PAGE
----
tremendous amount of environmental consciousness,” says Falls.
Butternut trees, American ginseng and Blanding turtles were some of the
sensitive flora and fauna Karson had to manage in completing the

All Karson employees and sub-contractors attended an educational
seminar so that they could recognize and know what to do if they should
encounter these and other species.

“The City of Ottawa planted 622 butternut trees to compensate for the
25 that had to be removed, and a group of botanists from the University
of Guelph were employed to harvest and relocate the ginseng to a
protected area,” notes Falls. Karson erected a fence along the entire
stretch of road to prevent turtles, snakes and frogs from entering the
construction zone. Falls says that upon completion of the road,
permanent fencing will be erected on both sides, with outlets leading
to box culverts that will serve as underground ‘critter crossings.’ All
crossings will be lined with twigs and soil, and also feature vertical
shafts in the medians to allow light to enter. Operations manager Wade
Clouthier and Site Superintendant Dave Mohr agree that this project
sets a gold standard for construction and environmental consciousness.

New asphalt plant
In May 2010, Karson Asphalt Paving opened a new double-barrelled drum
asphalt plant. It consists of five 300 ton silos, eight cold feed bins,
two RAP feed bins, a mineral feed silo, five vertical 25,000 gallon AC
tanks, two 130 ft. Mettler Toledo scales and a 90,000 cfm bag house.

“We built the new plant to stay competitive in an ever-changing
market,” says Bob Storie, construction manager. Karson’s older 5-tonne
asphalt batch plant was built in 1977, and could provide only small
volumes and limited storage space. “The plant can produce up to 500
tonnes of hot mix per hour,” notes Storie. “It’s the largest and most
versatile plant in Eastern Ontario, and is fully automated, requiring
only four employees at most at any given time.”

Equipment manager Norm Gorra did his homework before choosing Astec for
the plant. “We chose Astec for several reasons but primarily because of
their after-sales commitment,” he says. “In addition to on-site audits
and training, Astec is able to log on to our control system and
troubleshoot problems. This has proven to be a valuable service.”

With this new plant, Karson can now produce every type of asphalt mix –
from standard for smaller roads to Superpave for major highways and
warm mix for environmental considerations. “Making warm mix asphalt
saves energy, reduces greenhouse gas production, eliminates smoke and
odour and extends the paving season,” says John Ouderkirk, plant
manager. “The plant can also process reclaimed asphalt pavement, which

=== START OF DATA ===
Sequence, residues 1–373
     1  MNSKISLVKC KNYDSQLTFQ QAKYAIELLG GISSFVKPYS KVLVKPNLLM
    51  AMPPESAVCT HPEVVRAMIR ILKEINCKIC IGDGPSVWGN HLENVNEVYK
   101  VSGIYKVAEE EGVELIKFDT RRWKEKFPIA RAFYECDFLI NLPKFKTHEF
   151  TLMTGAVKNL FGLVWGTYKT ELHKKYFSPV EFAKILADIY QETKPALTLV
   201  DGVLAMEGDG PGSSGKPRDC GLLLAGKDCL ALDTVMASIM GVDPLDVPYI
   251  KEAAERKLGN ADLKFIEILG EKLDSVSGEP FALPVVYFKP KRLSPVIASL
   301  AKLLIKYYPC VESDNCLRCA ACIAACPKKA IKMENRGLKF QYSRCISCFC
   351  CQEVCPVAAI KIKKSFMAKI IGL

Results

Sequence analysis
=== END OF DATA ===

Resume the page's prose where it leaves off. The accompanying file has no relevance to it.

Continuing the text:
is now a requirement for many paving projects.”

People first
The Karson Group places great value on its 275 employees, demonstrated
by the fact that it was named one of the “50 Best Managed Companies in
Canada” for 2006. (This awards program recognizes excellence in
Canadian-owned and managed companies with revenues over $10 million.)
Karson was recognized in particular for having achieved sustainable
growth, for the creation of full-time employment for an increasing
number of people, and for a reputation for quality performance. The
tradition of excellence continues. For the last 3 years, Aecon Group
has been solidly placed in the top 15 of Canada’s 50 Best Employers.

Karson has a simple philosophy when it comes to people. “We believe
that if we treat our co-workers with respect, they will respond
positively,” says Erwin Schulz, vice president of aggregates. “This
philosophy is reinforced by Bill Karson and is the primary reason why
we have such low employee turnover. We have many employees who have
been with Bill since the beginning, and many who joined as we expanded
are still here. We like to think that working at Karson isn’t a job,
it’s a way of life.”

Karson has a big soft spot for local kids. When you walk into any of
their offices, you will see walls adorned with many pictures of hockey
and ringette teams that the company has sponsored. “Kids are our future
and we can only hope that when they finish school and are looking for a
career, they will remember us,” says Schulz. The company is also a
major sponsor of the Carp Fair and local charities. “Our community is
an important part of who we are and we are proud to support local
venues,” Schulz adds. Karson also donates to the University of Ottawa
Heart Institute and the Royal Ottawa Hospital, and is proud to be
associated with these world-class health- care providers.

By providing a workplace of choice and becoming an innovative
integrated materials and construction company, Karson is sure to
continue to reap the benefits of hard work and solid planning. “We plan
to continue providing quality work and good jobs for the Ottawa area,”
says Schulz. “Bill Karson built a great foundation to thrive on.”